Democrats issue subpoena to see all of Mueller’s Russia probe evidence

The Mueller Report on the Investigation into Russian Interference in the 2016 Presidential Election is pictured in New York, New York, U.S., April 18, 2019. REUTERS/Carlo Allegri

By Doina Chiacu and David Morgan

WASHINGTON (Reuters) – Congressional Democrats on Friday demanded to see all of U.S. Special Counsel Robert Mueller’s evidence from his inquiry into Russian interference in the 2016 election, as they consider how to use the probe’s findings against President Donald Trump.

U.S. Attorney General William Barr, flanked by Acting Principal Associate Deputy Attorney General Edward O'Callaghan and Deputy Attorney General Rod Rosenstein, speaks at a news conference to discuss Special Counsel Robert Mueller's report on Russian interference in the 2016 U.S. presidential race, in Washington, U.S., April 18, 2019. REUTERS/Jonathan Ernst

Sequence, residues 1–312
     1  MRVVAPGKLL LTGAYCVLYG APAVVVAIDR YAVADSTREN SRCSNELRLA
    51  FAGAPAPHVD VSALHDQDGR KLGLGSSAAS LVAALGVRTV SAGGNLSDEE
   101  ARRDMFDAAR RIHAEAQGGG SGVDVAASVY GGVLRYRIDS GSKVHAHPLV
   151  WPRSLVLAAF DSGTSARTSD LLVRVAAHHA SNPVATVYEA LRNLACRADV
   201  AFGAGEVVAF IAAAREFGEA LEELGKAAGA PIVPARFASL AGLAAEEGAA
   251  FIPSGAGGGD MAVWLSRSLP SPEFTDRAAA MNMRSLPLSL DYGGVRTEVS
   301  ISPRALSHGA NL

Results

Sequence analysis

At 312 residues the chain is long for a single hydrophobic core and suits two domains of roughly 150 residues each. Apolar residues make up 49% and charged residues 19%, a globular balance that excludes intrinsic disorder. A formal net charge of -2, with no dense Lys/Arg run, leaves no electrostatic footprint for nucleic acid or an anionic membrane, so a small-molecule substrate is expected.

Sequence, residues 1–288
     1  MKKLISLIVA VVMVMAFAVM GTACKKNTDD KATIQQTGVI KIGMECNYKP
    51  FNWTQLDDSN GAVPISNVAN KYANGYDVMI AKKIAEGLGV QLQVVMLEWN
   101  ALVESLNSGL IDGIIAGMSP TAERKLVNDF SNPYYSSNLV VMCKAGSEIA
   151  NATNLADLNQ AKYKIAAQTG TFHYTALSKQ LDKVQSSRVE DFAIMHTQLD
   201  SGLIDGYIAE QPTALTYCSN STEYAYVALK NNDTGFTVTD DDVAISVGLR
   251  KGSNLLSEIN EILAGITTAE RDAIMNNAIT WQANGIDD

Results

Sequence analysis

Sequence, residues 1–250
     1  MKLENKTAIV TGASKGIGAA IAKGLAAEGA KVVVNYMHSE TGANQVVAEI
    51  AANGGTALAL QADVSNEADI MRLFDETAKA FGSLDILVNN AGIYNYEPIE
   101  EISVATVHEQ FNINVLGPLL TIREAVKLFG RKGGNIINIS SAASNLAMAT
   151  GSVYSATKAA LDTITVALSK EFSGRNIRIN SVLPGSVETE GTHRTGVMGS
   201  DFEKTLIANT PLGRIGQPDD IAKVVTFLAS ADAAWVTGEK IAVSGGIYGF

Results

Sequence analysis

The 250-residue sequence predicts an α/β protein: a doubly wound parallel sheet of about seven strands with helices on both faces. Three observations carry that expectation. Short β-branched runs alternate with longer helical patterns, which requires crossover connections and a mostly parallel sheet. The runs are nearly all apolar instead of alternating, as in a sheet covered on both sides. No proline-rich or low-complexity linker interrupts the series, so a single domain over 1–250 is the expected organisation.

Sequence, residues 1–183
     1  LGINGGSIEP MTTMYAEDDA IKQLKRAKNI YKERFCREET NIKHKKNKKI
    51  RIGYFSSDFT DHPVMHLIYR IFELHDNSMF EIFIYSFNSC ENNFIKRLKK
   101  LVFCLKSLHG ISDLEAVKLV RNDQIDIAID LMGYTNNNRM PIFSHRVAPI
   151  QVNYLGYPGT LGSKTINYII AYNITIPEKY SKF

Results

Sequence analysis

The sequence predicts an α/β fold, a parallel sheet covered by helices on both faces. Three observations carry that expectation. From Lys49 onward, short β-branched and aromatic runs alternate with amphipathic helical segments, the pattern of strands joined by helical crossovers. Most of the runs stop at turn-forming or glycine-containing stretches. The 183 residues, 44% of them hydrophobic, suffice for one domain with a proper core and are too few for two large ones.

U.S. Attorney General William Barr, flanked by Acting Principal Associate Deputy Attorney General Edward O’Callaghan and Deputy Attorney General Rod Rosenstein, speaks at a news conference to discuss Special Counsel Robert Mueller’s report on Russian interference in the 2016 U.S. presidential race, in Washington, U.S., April 18, 2019. REUTERS/Jonathan Ernst

House of Representatives Judiciary Committee Chairman Jerrold Nadler, a Democrat, issued a subpoena to the Justice Department to hand over the full Russia report by Mueller, saying he cannot accept a redacted version released on Thursday that “leaves most of Congress in the dark.”